Wednesday, August 25, 2021

The History of Israel as a Parallel to Salvation

Aivazovsky, Passage of the Jews through the Red Sea
We believe we are justified by grace apart from works. But after that? Is sanctification the work of God or of our own effort? Yes. We find a great picture of this in the history of Israel.

When God freed the Israelites from their bondage in Egypt, he did it by his power alone. He brought the plagues. He split the sea. He destroyed Pharaoh’s army. All they had to do was go when he told them to go.

When God freed us from our bondage to sin, he did it all. He broke the hold the rulers of this world have over us, triumphing over them by the cross. All we have to do is come when he says come.

After they passed through the waters, though, they had to strap on a sword. At the Red Sea they were told, “The LORD will fight for you; you need only to be still” (Ex 14:14). After that, they were told, “Choose some of our men and go out to fight the Amalekites” (Ex 17:9).

But they did not fight in their own power. When God was with them, they could take on the enemy with only 300 men (eg, Jdg 7). When God was not with them, no force was large enough for victory (eg, Josh 7).

We, too, can only fight sin by the power of God. Under our own power, defeat is certain. Under his power, victory is inevitable because “we are more than conquerors through him who loved us” (Rom 8:37).

Why should we fight this fight? First, God said so. But he said so as a result of what he had done for his people. God’s instructions to Israel were prefaced with “I am the LORD your God, who brought you out of Egypt, out of the land of slavery” (Ex 20:2). To us the word is, “I urge you, brothers and sisters, in view of God’s mercy, to offer your bodies as a living sacrifice, holy and pleasing to God” (Rom 12:1). God only wants us to respond to what he has already done for us.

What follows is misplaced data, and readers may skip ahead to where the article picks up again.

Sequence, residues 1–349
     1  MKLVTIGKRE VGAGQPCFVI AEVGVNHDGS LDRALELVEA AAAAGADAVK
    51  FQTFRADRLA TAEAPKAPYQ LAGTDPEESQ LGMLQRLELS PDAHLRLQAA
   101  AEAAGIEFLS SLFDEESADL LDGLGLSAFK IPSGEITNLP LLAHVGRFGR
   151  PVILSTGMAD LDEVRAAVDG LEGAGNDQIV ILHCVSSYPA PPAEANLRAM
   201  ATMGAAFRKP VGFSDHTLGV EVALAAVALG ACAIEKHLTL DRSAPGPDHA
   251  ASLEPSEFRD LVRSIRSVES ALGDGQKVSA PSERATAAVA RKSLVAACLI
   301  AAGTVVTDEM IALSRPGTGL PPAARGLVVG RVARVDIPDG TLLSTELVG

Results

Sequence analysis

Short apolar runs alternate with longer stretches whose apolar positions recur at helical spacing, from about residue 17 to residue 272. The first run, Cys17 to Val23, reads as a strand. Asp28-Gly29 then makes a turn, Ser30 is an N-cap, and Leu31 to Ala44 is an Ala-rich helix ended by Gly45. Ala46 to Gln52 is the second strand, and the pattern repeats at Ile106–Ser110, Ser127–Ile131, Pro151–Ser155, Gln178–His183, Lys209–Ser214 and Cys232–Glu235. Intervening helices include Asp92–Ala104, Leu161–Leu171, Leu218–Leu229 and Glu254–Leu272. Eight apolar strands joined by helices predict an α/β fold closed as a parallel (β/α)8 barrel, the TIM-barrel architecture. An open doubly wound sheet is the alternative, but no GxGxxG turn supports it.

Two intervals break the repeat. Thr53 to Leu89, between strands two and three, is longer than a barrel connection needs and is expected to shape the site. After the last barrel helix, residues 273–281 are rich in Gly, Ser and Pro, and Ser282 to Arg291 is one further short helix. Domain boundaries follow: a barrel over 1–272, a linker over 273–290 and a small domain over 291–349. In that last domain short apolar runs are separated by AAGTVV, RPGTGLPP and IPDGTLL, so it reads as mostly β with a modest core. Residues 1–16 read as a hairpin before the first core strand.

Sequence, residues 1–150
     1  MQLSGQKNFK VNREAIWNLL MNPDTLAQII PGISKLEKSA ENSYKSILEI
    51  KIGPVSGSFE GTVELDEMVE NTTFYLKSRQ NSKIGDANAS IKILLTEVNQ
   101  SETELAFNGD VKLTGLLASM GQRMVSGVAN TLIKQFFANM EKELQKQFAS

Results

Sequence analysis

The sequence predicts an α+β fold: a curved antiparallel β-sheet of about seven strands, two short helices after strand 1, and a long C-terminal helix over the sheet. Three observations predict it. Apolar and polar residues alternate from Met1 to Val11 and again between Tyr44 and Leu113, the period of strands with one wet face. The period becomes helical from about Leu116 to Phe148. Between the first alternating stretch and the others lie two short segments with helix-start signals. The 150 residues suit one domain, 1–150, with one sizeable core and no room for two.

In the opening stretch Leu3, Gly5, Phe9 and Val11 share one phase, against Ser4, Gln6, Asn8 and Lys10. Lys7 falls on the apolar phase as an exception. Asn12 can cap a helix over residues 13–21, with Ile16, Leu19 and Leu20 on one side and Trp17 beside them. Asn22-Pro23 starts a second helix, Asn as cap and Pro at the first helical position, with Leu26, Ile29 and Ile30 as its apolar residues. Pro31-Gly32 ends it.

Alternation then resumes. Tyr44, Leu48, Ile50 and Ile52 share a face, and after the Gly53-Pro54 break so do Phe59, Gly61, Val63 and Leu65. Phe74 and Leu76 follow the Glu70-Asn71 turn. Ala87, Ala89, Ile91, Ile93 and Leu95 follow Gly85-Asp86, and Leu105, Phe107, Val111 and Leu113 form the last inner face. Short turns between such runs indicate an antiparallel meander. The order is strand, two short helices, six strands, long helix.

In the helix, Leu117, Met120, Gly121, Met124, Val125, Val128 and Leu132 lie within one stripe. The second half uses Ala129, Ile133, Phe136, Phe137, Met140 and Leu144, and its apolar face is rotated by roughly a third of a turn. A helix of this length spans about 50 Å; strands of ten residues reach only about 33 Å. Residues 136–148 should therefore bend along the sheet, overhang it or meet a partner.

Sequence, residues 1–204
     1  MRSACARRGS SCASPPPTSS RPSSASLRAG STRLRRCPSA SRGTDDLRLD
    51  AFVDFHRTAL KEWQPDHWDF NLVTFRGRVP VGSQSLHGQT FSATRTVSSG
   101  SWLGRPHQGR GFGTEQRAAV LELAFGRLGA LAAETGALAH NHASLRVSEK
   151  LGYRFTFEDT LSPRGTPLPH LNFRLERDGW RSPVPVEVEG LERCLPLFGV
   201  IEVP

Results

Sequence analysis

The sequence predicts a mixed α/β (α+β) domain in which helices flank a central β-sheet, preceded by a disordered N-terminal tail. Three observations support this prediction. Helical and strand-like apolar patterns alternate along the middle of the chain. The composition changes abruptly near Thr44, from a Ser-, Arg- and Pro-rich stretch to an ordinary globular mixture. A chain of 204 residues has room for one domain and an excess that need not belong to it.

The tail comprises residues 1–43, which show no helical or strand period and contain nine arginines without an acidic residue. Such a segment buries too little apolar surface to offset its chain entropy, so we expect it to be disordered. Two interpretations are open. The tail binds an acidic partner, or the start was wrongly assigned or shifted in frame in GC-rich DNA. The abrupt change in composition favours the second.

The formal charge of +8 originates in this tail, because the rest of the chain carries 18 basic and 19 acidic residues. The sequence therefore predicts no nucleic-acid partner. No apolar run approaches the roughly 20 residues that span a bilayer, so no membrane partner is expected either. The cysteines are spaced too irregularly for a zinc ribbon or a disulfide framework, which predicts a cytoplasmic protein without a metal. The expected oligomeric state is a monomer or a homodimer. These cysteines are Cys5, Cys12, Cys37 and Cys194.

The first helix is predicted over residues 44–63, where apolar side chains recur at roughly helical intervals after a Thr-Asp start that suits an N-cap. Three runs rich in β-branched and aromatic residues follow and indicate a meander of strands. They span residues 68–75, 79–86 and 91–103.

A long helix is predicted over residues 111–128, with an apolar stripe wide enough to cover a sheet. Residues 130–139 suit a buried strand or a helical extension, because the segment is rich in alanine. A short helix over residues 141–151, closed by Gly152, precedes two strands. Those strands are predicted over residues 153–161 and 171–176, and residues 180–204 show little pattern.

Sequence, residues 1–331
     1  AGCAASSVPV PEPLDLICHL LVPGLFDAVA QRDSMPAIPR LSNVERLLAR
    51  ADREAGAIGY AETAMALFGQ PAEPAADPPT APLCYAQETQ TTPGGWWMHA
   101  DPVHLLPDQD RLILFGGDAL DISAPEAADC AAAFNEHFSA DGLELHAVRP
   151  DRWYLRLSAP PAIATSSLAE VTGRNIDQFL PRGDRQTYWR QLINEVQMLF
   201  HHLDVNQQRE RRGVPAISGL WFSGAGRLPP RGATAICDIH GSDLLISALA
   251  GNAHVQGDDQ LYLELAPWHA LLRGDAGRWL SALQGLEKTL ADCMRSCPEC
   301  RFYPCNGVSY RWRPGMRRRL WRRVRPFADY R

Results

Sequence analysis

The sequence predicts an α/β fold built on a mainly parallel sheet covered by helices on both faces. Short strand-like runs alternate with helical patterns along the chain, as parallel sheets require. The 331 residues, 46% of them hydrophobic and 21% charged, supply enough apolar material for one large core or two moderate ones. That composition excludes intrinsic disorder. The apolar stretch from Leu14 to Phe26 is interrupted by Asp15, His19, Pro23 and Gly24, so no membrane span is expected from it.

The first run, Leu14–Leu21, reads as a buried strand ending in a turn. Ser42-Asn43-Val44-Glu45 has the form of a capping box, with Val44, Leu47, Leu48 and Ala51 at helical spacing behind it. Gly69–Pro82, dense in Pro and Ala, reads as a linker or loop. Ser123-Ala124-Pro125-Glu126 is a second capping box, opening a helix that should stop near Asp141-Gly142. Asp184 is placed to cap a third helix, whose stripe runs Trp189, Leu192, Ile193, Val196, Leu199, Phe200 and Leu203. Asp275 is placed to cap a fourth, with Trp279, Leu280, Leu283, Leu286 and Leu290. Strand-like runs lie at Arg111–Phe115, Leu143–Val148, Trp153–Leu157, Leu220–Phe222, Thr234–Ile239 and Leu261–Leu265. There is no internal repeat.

Second, what God wants is that we reach out and take what is good. To Israel, he said, “You will possess their land ... a land flowing with milk and honey” (Lev 20:24). The Promised Land was going to be worth the trouble to take. The Christian’s promised land is to be conformed to the image of Christ so that we can experience the life he made us for and reign with him (Rom 8).

In the conquest of the Promised Land, their mission was to destroy the evil remaining in the land and give it all over to God’s rule. In sanctification, our mission is to destroy the evil remaining in our lives and give it all over to God’s rule. It’s hard work, but it will be worthwhile. And like the conquest of Canaan, God will not do it without us, and we cannot do it without him.

Image: Aivazovsky's Passage of the Jews through the Red Sea 1891

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